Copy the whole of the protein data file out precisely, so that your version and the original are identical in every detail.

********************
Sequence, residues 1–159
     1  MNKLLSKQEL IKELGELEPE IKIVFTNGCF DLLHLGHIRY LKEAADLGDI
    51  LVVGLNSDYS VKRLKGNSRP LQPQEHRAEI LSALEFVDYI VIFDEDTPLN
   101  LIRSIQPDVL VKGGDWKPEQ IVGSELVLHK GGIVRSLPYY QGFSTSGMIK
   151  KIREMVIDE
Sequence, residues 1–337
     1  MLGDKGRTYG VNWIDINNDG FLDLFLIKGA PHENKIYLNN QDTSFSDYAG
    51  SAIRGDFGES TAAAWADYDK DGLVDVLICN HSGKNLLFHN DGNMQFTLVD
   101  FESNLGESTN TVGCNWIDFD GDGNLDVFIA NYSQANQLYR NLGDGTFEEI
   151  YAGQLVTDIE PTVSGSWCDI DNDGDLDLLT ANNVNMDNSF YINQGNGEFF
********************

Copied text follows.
Sequence, residues 1–159
     1  MNKLLSKQEL IKELGELEPE IKIVFTNGCF DLLHLGHIRY LKEAADLGDI
    51  LVVGLNSDYS VKRLKGNSRP LQPQEHRAEI LSALEFVDYI VIFDEDTPLN
   101  LIRSIQPDVL VKGGDWKPEQ IVGSELVLHK GGIVRSLPYY QGFSTSGMIK
   151  KIREMVIDE
Sequence, residues 1–337
     1  MLGDKGRTYG VNWIDINNDG FLDLFLIKGA PHENKIYLNN QDTSFSDYAG
    51  SAIRGDFGES TAAAWADYDK DGLVDVLICN HSGKNLLFHN DGNMQFTLVD
   101  FESNLGESTN TVGCNWIDFD GDGNLDVFIA NYSQANQLYR NLGDGTFEEI
   151  YAGQLVTDIE PTVSGSWCDI DNDGDLDLLT ANNVNMDNSF YINQGNGEFF